Convergence 2016: music + art + technology, the niche festival that brings live music, workshops and visual arts to some of the greatest venues across London for 10 days in March. Currently in its third year, this varied bill of events makes it a memorable occasion in the London Arts and Music scene.
Opening the night was electronic music maker from Greece, Larry Gus. He wailed, leapt, and gyrated about onstage as he accosted everyone’s ears with all manner of screeches and electronic sounds. While the music had a good beat, and he was doing some interesting things musically, it was quite difficult to work out exactly what was going on.
Luckily it wasn’t long before it was time for of Montreal to take to the stage, and the crowd went ballistic as soon as front man Kevin Barnes set foot onstage; dressed head to toe in red, he looked quite the part, though perhaps a little less ‘glam’ than we have grown to expect from him.
‘Triumph of Disintegration’ was played early on, and it sounded particularly strong live. In fact their live sound as a whole was fantastic, like a very real version of their recorded music. They have a very large and varied back catalogue, with some exceptional song writing and very catchy tracks that are fun to sing along to. Throughout their set you could hear the British influences on their American sound; the moments of The Beatles and The Kinks coming through in the songwriting, and notes of Bowie in Barnes’s voice.
Softly spoken Barnes doesn’t banter much with the audience between songs in general, and when he tried to introduce their ‘prog rock’ song, ‘Life Ashoka’s Inferno Of Memory’, it was difficult to hear him over audience members carrying out their own conversations.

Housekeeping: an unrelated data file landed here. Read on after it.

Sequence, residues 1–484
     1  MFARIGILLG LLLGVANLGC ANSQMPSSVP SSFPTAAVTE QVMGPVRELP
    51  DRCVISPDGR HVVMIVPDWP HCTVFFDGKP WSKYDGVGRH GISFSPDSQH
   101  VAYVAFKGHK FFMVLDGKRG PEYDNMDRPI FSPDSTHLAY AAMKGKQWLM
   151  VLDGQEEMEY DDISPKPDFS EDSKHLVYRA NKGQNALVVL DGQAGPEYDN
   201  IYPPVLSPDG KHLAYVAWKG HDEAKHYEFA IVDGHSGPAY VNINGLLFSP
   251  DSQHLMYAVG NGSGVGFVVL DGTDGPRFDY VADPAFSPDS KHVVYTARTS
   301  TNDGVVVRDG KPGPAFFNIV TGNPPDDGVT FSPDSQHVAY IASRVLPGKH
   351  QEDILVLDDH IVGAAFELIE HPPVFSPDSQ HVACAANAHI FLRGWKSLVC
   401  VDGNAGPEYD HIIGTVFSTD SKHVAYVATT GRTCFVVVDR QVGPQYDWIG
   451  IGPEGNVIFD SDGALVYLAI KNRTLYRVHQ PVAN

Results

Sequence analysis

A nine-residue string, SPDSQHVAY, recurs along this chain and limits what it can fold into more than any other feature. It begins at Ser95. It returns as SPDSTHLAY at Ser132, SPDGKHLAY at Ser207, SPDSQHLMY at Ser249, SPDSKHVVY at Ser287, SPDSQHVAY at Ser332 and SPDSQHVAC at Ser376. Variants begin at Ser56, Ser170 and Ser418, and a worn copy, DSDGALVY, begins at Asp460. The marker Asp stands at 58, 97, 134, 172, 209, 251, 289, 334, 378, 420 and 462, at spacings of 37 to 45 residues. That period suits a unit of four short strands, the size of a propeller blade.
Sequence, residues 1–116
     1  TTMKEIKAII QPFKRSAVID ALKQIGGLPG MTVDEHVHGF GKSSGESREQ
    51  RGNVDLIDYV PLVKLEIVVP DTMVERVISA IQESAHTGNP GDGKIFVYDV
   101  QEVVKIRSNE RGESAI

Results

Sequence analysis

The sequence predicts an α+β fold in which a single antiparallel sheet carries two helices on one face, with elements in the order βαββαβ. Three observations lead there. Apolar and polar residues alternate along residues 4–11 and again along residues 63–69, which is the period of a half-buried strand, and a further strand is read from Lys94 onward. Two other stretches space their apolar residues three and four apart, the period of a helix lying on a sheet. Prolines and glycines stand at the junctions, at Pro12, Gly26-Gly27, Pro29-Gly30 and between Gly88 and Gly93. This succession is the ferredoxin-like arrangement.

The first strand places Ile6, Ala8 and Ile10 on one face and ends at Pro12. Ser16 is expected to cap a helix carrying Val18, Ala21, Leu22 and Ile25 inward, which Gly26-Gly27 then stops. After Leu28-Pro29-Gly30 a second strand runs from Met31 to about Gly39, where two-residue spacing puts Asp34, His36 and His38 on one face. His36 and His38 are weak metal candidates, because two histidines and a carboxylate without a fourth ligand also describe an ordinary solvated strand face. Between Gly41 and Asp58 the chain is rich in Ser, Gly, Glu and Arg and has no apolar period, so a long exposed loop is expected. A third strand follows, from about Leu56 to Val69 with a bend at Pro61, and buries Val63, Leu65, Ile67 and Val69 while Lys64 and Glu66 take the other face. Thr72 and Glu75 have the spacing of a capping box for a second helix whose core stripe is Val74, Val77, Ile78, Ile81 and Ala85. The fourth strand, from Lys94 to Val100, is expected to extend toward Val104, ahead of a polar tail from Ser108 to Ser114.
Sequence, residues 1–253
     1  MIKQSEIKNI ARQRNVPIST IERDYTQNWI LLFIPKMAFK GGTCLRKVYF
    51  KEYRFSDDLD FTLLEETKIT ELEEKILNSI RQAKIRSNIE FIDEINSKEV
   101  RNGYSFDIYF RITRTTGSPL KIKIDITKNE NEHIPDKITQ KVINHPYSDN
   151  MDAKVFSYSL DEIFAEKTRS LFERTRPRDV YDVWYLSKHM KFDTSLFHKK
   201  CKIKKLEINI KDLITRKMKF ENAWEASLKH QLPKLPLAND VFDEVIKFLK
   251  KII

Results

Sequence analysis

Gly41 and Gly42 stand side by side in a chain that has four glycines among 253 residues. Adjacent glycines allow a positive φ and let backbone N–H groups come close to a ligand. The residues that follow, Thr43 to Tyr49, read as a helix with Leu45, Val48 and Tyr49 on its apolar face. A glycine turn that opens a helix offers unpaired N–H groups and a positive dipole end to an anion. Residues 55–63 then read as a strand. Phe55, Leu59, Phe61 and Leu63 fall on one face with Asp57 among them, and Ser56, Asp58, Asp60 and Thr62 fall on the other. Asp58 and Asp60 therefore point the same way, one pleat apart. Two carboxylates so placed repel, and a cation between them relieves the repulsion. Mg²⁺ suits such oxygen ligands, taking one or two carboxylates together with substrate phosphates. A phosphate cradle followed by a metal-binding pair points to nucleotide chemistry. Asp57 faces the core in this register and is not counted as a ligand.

Up until this point, the energy levels onstage had been quite low, with not a lot of engagement from Barnes at all, but all was about to change with their 12th song, as Barnes propped up his guitar at the back of the stage, and they broke into ‘Plastis Wafer’. No longer encumbered by the instrument, we saw a whole new side of him, as he hammed it up, strutting around the stage, taking off his coat to reveal a fetching red satin halterneck top. Although he resumed playing his guitar again after this song, the audience had picked up on his energy, and before long the mosh pit had been transformed into a mess of bouncing, sweaty people, who continued to thrash about until the end of the show.
By the time it got to the encores, it had all become so loud that it was difficult to really pick out the nuances of their songs – ‘She’s a Rejector’ in particular sounded like a discordant rabble of noise – but the audience were thoroughly enjoying themselves regardless.
The show finished with the rambling, intense track, the epic 12 minute ‘The Past is a Grotesque Animal’, which unfortunately also disintegrated into a wall of noise, which was a little difficult to really hear what was going on in the song musically.
The show seemed to fluctuate between either having-no-energy-but-a-great-sound, or lots-of-energy-but-with-compromised-sound, which was somewhat disappointing to the music aficionados in attendance. However, the crowd as a whole were so excited about seeing of Montreal live that they weren’t too bothered, as long as there were songs for them to sing along to.
While Village Underground is always a fantastic venue, of Montreal didn’t seem to suit it quite as much as others might. Still, an enjoyable night was had by all, and we all filed out of the venue afterwards with the words ‘Convergence: music + art + technology’ emblazoned on the wall in lights to remind us what we had been a part of.
This of Montreal article was written by Jen Taylor, a GIGsoup contributor. Lead photo by pfabij